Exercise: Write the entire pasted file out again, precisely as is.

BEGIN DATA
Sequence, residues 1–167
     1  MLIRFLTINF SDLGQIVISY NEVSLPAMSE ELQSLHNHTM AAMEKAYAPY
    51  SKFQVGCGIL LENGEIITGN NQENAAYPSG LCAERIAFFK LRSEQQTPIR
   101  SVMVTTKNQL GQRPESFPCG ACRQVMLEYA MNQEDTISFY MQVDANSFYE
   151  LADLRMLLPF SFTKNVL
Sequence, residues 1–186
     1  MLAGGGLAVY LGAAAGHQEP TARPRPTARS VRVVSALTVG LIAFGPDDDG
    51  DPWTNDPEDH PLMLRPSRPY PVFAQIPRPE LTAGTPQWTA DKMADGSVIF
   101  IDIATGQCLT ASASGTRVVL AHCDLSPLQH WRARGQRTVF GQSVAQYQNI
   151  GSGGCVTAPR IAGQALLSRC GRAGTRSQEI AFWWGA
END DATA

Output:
Sequence, residues 1–167
     1  MLIRFLTINF SDLGQIVISY NEVSLPAMSE ELQSLHNHTM AAMEKAYAPY
    51  SKFQVGCGIL LENGEIITGN NQENAAYPSG LCAERIAFFK LRSEQQTPIR
   101  SVMVTTKNQL GQRPESFPCG ACRQVMLEYA MNQEDTISFY MQVDANSFYE
   151  LADLRMLLPF SFTKNVL
Sequence, residues 1–186
     1  MLAGGGLAVY LGAAAGHQEP TARPRPTARS VRVVSALTVG LIAFGPDDDG
    51  DPWTNDPEDH PLMLRPSRPY PVFAQIPRPE LTAGTPQWTA DKMADGSVIF
   101  IDIATGQCLT ASASGTRVVL AHCDLSPLQH WRARGQRTVF GQSVAQYQNI
   151  GSGGCVTAPR IAGQALLSRC GRAGTRSQEI AFWWGA